4. Map it out.

The next step is figuring out where to place each person at the reception. You could do this via a new spreadsheet or by using a website like AllSeated. Or, you could do it the old-fashioned way and take a large sheet of paper and draw outlines of your finalized table layout. Once your tables are drawn, write names inside them in pencil. Or, using your color-coded guest list, you could write every guest's name on a coordinating colored sticky tag. Follow the next steps below and keep arranging and rearranging names until everyone has a seat at the reception.

5. Seat yourselves, first.

You and your new spouse will be the center of attention all evening, so seat yourselves in a central, highly visible location. This is wedding seating chart etiquette 101. One option would be to sit at a table with your wedding-party members (this is often called the "head table"), with your seats in the middle. Or, you could sit with your parents and let that be the head table, with the wedding party at their own tables with their dates. And lastly, another popular option is to sit with your new spouse at a table reserved just for the two of you. This arrangement is often called a "sweetheart table".

6. Next up: the wedding party.

Figuring out where to seat your wedding-party members depends on how big your entourage is, as well as how many of them attended the wedding with dates. One option would be to place all wedding-party members at a long head table with the newlyweds positioned in the middle (as described in the previous step). However, a drawback of this seating arrangement is that attendants' dates and spouses will have to sit at a separate table, which might not be ideal (separating dates and partners is never a good idea). Another (more preferred!) option would be to place wedding-party members at several VIP dinner tables that are positioned near you and your new spouse.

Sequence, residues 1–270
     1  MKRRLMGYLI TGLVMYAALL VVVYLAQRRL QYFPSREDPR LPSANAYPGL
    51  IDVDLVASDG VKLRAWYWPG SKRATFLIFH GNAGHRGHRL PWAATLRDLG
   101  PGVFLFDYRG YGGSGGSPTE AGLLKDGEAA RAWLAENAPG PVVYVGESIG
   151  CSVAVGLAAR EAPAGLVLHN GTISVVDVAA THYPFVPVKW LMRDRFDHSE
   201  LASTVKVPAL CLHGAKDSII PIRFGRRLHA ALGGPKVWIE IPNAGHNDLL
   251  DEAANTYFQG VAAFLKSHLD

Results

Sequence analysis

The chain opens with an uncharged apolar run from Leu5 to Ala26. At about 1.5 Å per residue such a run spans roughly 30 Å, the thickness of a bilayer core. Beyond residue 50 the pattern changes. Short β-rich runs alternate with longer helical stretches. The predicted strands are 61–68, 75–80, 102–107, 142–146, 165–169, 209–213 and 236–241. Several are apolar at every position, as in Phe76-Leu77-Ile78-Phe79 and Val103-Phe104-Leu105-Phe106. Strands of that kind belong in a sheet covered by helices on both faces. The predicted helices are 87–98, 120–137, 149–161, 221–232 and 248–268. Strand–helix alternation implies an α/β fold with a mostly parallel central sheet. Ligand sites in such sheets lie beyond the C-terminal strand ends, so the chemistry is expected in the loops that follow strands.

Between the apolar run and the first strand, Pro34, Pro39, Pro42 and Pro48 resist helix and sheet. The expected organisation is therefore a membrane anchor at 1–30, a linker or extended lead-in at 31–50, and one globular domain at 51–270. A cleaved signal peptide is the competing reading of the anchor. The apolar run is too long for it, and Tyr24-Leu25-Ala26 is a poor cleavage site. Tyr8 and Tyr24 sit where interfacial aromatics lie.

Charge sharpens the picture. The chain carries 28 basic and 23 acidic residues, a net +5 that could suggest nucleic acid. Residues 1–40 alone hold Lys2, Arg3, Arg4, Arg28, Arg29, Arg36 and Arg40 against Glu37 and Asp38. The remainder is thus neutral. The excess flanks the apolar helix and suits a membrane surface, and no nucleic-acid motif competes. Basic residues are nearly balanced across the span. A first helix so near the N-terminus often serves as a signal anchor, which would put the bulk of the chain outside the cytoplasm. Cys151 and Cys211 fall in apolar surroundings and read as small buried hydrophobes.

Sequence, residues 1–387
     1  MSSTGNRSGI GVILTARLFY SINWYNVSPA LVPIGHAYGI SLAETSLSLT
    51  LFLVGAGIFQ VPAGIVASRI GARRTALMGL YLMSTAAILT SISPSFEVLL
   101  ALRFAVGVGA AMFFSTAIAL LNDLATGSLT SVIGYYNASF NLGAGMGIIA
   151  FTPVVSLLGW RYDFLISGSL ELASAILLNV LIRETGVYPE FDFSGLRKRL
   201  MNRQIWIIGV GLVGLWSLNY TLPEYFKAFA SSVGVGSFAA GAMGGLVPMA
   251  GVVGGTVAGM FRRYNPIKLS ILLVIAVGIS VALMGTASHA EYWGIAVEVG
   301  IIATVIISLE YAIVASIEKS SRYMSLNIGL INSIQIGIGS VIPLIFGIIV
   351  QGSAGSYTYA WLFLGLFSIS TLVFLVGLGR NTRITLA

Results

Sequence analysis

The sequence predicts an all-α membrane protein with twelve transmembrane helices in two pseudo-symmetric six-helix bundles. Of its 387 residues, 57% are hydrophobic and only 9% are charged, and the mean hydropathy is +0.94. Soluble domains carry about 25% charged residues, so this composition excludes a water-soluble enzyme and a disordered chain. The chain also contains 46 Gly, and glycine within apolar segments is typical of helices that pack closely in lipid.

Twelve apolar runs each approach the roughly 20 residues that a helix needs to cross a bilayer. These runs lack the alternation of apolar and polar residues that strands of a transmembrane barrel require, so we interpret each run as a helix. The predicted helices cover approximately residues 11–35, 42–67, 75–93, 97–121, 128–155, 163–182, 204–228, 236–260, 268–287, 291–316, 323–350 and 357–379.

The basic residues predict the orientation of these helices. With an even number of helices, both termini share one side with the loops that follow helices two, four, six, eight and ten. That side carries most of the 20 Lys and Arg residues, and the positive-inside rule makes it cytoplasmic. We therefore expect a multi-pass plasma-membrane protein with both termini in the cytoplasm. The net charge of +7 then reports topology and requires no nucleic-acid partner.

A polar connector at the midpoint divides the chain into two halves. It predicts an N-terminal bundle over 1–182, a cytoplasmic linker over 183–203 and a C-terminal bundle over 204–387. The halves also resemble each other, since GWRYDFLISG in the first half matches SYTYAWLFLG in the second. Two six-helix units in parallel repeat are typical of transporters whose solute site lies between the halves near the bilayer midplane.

wedding dinner table

Photo: Jenna Greenawalt Photography

7. Then, place your parents.

Wedding seating chart etiquette states that your and your partner's parents will share a table at the reception, along with grandparents, siblings not in the wedding party, and the officiant and their spouse if they're attending the reception. However, if your or your partner's parents are divorced and would prefer to sit separately, a solution would be to have each parent host their own table of close family and/or friends. Keep in mind this could mean up to four parents' tables, depending on your situation. You can also try seating them at the same rectangular table, but at opposite ends. But remember that if you're unsure of how to proceed, it's probably best to talk to your parents about what they might prefer, before you make your final seating decisions.